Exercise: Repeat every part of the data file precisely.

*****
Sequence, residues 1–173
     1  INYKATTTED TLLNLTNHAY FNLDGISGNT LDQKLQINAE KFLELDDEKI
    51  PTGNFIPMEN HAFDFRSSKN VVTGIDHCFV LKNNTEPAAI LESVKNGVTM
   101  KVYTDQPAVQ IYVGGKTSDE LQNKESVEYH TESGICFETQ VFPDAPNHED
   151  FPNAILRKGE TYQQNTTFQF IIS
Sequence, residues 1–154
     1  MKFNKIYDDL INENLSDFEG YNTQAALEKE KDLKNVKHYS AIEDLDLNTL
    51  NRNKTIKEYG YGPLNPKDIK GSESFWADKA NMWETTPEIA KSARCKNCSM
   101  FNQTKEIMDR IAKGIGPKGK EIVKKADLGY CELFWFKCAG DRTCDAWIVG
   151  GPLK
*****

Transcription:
Sequence, residues 1–173
     1  INYKATTTED TLLNLTNHAY FNLDGISGNT LDQKLQINAE KFLELDDEKI
    51  PTGNFIPMEN HAFDFRSSKN VVTGIDHCFV LKNNTEPAAI LESVKNGVTM
   101  KVYTDQPAVQ IYVGGKTSDE LQNKESVEYH TESGICFETQ VFPDAPNHED
   151  FPNAILRKGE TYQQNTTFQF IIS
Sequence, residues 1–154
     1  MKFNKIYDDL INENLSDFEG YNTQAALEKE KDLKNVKHYS AIEDLDLNTL
    51  NRNKTIKEYG YGPLNPKDIK GSESFWADKA NMWETTPEIA KSARCKNCSM
   101  FNQTKEIMDR IAKGIGPKGK EIVKKADLGY CELFWFKCAG DRTCDAWIVG
   151  GPLK